Prognosis not good for Massachusetts health insurance exchange

Kyle Cheney writes for Politico that the home of “Romneycare” is taking steps to ditch its troubled health insurance exchange.

RomneyCare’s pioneering health insurance exchange is headed for the scrap heap.

Bay State officials are taking steps this week to junk central parts of their dysfunctional health insurance exchange — the model for President Barack Obama’s health care law — and merge with the federal enrollment site HealthCare.gov.

The decision is part of an expensive plan that would occur alongside a parallel, last-ditch attempt to still build a working state system.

The state on Monday announced the hiring of hCentive, a Virginia-based contractor that helped construct the Kentucky and Colorado exchanges. The company would rush to build a viable state exchange in time for the next enrollment season, which begins Nov. 15.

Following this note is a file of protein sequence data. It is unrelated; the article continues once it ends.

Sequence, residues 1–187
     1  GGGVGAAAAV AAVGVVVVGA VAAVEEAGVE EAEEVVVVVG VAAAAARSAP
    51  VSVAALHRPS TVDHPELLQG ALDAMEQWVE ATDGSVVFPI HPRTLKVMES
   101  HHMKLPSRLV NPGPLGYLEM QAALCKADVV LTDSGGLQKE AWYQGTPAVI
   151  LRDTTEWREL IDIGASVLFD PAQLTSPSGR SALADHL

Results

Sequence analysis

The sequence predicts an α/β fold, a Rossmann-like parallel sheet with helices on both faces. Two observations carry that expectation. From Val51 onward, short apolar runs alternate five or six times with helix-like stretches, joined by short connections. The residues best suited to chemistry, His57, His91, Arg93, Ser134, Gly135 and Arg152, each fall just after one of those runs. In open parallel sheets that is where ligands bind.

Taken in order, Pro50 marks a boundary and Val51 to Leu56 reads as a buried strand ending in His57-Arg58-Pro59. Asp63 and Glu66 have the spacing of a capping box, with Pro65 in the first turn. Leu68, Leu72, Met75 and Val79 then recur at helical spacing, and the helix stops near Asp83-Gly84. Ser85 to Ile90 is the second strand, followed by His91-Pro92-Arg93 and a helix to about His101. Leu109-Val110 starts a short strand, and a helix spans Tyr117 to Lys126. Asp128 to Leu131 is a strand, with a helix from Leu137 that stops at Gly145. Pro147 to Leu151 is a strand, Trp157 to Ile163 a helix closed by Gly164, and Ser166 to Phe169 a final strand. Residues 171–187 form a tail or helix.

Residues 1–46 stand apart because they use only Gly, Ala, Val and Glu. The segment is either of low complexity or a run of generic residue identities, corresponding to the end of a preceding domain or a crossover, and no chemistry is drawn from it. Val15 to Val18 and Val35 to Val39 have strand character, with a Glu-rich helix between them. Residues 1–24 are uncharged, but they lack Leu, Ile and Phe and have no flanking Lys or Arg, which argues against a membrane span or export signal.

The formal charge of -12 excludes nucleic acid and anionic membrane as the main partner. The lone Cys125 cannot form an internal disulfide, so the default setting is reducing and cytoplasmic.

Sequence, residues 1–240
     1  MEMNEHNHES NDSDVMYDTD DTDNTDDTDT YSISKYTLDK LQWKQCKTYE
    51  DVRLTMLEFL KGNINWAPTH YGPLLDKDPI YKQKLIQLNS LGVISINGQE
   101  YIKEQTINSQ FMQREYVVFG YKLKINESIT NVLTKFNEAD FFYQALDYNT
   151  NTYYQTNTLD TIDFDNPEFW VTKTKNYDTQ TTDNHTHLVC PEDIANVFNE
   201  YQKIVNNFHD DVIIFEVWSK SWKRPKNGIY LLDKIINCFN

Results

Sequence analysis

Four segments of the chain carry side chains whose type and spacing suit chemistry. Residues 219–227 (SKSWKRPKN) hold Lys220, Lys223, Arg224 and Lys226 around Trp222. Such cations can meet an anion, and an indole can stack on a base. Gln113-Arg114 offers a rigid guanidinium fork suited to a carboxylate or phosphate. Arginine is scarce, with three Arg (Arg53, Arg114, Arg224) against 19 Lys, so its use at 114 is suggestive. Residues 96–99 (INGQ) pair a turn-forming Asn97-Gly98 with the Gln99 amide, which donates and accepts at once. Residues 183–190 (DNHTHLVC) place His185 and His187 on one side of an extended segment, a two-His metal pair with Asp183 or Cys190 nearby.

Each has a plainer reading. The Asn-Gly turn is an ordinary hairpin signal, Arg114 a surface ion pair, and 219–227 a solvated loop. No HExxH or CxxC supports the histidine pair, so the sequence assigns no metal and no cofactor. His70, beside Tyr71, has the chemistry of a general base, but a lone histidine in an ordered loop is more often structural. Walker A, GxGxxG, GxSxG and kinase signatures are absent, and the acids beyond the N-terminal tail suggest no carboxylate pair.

But officials aren’t sure it’s possible to make that happen in less than six months. Given the narrow timeframe, they intend to simultaneously start shifting the Massachusetts exchange, known as the Connector, to HealthCare.gov.

A move by Massachusetts to the federal exchange would represent a symbolic blow for local Obamacare supporters. Massachusetts built the model of a state-run exchange in 2006, a result of the health care reform effort by then-Gov. Mitt Romney. The RomneyCare exchange, which helped the state provide health coverage to more than 97 percent of residents, became the template for the Obamacare version.

Massachusetts is the second state to begin that transition. Late last month, Oregon opted to scrap its $200 million system and join the federal exchange.

Remind me again why it made sense for North Carolina to create an Obamacare exchange?

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